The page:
The following are 10 steps records managers can take as the world slowly emerges from the pandemic:

  1. Write records management policies for home-based staff.
  2. Make sure everyone has access to official storage for digital records.
  3. Write a records management policy for virtual meetings.
  4. Work with IT colleagues on configuration of collaboration platforms.
  5. Write and promote policies for records management on collaboration platforms.
  6. Adjust existing records retention schedules for previously routine records that now have archival value.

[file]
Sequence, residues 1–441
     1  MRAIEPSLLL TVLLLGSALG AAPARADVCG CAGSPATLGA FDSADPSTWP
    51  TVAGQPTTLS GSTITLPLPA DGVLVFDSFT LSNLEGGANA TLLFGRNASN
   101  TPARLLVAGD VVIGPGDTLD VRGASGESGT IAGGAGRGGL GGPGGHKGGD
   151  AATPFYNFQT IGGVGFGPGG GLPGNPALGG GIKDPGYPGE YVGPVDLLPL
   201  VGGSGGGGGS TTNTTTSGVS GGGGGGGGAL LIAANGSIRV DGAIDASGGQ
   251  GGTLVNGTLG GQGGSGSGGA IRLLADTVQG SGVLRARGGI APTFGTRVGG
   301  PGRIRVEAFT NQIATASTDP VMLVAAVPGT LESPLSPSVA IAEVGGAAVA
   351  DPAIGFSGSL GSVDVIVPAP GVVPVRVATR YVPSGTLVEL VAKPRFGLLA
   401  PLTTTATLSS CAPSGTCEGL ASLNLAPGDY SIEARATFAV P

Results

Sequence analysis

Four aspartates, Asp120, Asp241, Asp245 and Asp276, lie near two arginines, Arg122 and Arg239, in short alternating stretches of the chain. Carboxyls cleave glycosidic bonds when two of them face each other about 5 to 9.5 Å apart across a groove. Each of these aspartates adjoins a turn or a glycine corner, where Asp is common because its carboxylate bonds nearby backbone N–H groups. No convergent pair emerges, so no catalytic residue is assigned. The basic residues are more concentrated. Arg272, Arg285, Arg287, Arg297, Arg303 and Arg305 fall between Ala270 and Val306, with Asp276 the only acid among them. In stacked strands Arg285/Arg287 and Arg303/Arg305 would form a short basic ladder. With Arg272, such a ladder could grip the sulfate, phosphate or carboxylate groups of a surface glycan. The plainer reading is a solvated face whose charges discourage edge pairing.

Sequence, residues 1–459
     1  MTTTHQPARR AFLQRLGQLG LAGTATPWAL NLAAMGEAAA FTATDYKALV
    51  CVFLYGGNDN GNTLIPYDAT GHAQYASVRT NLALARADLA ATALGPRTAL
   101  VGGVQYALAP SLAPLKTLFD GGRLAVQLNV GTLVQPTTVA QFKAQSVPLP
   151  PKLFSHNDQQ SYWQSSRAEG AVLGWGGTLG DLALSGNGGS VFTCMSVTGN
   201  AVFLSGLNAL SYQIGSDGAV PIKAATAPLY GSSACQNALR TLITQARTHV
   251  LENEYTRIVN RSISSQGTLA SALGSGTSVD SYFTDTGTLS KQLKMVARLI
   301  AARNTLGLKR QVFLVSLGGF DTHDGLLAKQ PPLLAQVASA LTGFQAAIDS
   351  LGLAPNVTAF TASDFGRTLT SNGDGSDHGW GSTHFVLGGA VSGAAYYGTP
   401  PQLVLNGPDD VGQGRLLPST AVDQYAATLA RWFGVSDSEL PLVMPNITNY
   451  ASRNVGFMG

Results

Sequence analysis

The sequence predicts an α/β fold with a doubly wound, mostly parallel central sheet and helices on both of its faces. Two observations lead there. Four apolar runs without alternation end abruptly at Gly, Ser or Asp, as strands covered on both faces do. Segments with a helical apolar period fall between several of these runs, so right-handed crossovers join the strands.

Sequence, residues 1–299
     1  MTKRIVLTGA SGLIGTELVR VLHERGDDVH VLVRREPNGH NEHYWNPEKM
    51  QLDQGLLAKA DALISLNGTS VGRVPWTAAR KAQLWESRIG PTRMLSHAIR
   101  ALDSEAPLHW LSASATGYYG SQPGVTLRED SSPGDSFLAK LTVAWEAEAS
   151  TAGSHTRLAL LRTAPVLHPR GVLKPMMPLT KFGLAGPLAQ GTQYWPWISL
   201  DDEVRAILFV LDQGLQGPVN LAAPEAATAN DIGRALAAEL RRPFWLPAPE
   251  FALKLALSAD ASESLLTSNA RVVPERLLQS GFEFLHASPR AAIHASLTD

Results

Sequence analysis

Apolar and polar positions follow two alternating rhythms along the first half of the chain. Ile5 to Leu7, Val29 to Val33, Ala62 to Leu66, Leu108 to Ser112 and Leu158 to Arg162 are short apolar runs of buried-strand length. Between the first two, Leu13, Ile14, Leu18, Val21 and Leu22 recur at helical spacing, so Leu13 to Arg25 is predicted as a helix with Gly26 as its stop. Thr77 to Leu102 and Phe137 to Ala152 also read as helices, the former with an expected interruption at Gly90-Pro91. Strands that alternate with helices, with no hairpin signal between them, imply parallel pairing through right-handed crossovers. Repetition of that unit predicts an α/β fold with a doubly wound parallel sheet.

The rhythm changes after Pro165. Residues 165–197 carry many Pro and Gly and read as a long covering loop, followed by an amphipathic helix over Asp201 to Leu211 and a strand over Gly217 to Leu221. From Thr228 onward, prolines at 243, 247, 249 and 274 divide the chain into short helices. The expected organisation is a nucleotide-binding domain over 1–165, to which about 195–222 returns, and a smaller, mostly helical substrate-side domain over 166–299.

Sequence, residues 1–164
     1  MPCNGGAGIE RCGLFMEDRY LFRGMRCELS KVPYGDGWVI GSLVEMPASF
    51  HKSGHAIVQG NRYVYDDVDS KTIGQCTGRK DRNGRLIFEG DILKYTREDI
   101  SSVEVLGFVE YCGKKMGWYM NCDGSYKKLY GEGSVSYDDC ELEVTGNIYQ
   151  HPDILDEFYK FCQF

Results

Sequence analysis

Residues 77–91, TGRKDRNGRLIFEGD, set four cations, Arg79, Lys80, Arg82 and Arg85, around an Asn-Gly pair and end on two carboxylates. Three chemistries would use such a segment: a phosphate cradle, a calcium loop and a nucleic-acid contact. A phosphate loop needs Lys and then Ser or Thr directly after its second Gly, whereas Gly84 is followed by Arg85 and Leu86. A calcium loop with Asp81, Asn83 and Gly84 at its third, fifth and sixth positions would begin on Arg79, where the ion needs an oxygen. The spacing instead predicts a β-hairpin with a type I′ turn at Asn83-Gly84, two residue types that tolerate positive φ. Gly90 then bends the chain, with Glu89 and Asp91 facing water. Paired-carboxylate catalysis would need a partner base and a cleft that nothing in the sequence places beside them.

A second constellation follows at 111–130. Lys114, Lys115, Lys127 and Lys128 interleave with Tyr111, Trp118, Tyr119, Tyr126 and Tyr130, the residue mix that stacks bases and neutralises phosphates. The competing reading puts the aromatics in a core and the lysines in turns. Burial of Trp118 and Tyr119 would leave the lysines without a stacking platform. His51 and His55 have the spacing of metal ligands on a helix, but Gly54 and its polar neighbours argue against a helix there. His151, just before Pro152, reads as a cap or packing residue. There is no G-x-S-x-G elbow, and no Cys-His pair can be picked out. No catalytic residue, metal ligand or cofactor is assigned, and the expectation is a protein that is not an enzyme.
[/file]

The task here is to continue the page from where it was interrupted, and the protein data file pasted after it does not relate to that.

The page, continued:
7. Add new pandemic-related records to retention schedules.
  8. Plan for preservation of websites, social media, algorithms, and data.
  9. Track all pandemic-related records and accession if they have historical value.
  10. Update records management training with lessons learned from the COVID-19 pandemic.

Kurt Brenneman works at the Greensboro (N.C.) Public Library, where he is public records request administrator for the City of Greensboro. He has an M.L.S. from the University of North Carolina–Greensboro and is a former corporate librarian and records management analyst. His email address is